In the early 1950s, ads for Harolds Pony Express Lodge directed tourists to “look for the gigantic neon sign.” It would have been hard to miss, towering then, as today, over Prater Way, at the western edge of Sparks. A classic Old West scene, the sign depicts an American Indian on horseback chasing a Pony Express rider. When lit, the horses’ legs move and an arrow shoots from the Indian’s bow, as a larger arrow at the bottom lights up in sections to point toward the motel below.
The sign was pure fifties, but the site had been attracting tourists since 1933, when George K. Cremer and his wife, Bessie, founded an auto court there. Located on a prime spot along U.S. 40, Cremer's Auto Court was a profitable side venture for them for years, offering “modern, insulated, steam heated brick cabins, all with tile bath.”
Cremer sold the place, by then known as a motel, in the mid-1940s, and it was purchased in 1951 or 1952 by Harolds Club patriarch, Raymond I. “Pappy” Smith to provide lodging for Harolds customers. Smith renovated the property considerably, hiring architect Edward Parsons to design a second story and an additional wing. Smith enlisted his wife to choose all the interior décor and installed an outdoor swimming pool, one of the area’s first. Upon its opening, the motel offered 88 rooms at $5 per double room, with a trailer court next door offering trailers for $30 per month, a deal especially popular among men stationed at nearby Stead Air Force Base.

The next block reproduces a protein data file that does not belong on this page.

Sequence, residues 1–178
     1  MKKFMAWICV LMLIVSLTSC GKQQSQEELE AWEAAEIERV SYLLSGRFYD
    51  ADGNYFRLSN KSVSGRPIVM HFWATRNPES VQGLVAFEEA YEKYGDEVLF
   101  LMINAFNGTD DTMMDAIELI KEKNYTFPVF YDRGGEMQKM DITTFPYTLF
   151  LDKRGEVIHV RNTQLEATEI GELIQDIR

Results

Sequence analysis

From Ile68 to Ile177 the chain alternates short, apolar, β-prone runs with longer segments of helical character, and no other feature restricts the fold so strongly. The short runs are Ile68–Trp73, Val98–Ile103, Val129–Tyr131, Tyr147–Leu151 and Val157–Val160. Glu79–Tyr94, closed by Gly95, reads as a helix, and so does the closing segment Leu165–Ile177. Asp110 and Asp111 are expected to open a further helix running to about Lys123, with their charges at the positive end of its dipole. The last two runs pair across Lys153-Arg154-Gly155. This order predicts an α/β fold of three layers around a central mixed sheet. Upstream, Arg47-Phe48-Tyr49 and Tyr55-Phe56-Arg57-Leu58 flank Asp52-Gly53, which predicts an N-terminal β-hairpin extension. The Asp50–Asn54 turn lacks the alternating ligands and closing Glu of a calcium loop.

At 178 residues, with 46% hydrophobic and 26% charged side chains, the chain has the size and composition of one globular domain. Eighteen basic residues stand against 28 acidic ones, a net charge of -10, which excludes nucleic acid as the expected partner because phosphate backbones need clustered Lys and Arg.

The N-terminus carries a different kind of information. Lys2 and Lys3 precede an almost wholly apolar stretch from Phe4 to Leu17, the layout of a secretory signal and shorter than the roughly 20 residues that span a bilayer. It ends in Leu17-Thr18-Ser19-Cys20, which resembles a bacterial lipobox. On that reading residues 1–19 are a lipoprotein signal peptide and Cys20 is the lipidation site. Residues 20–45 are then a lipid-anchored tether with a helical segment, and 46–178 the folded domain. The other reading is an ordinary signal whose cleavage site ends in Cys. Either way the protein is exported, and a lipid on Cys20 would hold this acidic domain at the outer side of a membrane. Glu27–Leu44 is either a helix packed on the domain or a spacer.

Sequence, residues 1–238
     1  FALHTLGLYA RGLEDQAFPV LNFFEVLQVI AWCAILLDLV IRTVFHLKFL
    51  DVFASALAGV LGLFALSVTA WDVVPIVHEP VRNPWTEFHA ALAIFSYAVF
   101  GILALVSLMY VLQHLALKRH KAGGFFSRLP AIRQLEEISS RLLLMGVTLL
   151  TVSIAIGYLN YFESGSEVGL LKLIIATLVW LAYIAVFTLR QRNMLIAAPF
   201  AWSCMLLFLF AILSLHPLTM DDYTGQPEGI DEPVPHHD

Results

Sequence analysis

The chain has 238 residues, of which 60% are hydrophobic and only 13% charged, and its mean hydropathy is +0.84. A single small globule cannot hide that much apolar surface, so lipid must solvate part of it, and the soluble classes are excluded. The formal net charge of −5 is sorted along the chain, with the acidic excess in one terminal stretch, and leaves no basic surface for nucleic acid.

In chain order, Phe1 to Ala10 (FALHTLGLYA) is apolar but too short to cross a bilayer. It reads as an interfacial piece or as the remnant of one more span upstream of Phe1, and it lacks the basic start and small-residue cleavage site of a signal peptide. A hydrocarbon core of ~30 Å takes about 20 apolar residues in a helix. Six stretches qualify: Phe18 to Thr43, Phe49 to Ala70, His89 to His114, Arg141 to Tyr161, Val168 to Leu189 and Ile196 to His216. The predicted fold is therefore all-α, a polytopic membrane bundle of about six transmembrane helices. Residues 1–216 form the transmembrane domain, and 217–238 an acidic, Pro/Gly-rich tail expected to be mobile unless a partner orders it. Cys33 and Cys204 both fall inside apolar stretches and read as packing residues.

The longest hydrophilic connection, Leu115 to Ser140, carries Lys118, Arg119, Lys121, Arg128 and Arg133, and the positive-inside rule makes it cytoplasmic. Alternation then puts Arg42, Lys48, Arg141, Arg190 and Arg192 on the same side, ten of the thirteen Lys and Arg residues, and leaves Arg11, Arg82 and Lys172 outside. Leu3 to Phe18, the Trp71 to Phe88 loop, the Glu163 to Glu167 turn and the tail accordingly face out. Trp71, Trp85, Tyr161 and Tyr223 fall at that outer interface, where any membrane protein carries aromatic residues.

The lobby contained 15 slot machines, exact duplicates of those found on the floor of Harolds Club downtown, and a bus ran directly from the lodge to its main entrance. Through the early 1960s, the club’s “Bright Light Tours” reportedly brought in at least 40,000 visitors per year, packaging together lodging, limousine transportation, meals, and drinks. Notably, it was the first motel in the area to offer babysitting services for guests.
Acquired in 1962 by the corporation that purchased Harolds Club and its properties, the motel was auctioned off in 1967 and went through a number of owners. Joe Keshmiri, a former University of Nevada track and field star who worked for a time at Harolds Club, purchased the motel in 1989, altering the enormous sign to read “Keshmiri’s Pony Express Lodge.” The property changed hands again in 2007, and now offers weekly and monthly rentals.